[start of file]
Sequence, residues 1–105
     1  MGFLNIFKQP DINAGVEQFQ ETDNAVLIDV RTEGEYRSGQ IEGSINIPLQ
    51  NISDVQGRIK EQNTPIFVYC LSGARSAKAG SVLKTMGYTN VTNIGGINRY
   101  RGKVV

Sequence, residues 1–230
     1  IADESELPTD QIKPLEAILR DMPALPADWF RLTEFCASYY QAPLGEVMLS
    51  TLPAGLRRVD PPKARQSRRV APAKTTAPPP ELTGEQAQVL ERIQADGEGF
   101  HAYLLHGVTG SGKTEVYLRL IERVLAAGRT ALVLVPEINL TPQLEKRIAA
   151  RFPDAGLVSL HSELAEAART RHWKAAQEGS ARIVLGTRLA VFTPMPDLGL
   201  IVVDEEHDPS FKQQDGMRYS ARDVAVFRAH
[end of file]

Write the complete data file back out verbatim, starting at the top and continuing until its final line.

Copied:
Sequence, residues 1–105
     1  MGFLNIFKQP DINAGVEQFQ ETDNAVLIDV RTEGEYRSGQ IEGSINIPLQ
    51  NISDVQGRIK EQNTPIFVYC LSGARSAKAG SVLKTMGYTN VTNIGGINRY
   101  RGKVV

Sequence, residues 1–230
     1  IADESELPTD QIKPLEAILR DMPALPADWF RLTEFCASYY QAPLGEVMLS
    51  TLPAGLRRVD PPKARQSRRV APAKTTAPPP ELTGEQAQVL ERIQADGEGF
   101  HAYLLHGVTG SGKTEVYLRL IERVLAAGRT ALVLVPEINL TPQLEKRIAA
   151  RFPDAGLVSL HSELAEAART RHWKAAQEGS ARIVLGTRLA VFTPMPDLGL
   201  IVVDEEHDPS FKQQDGMRYS ARDVAVFRAH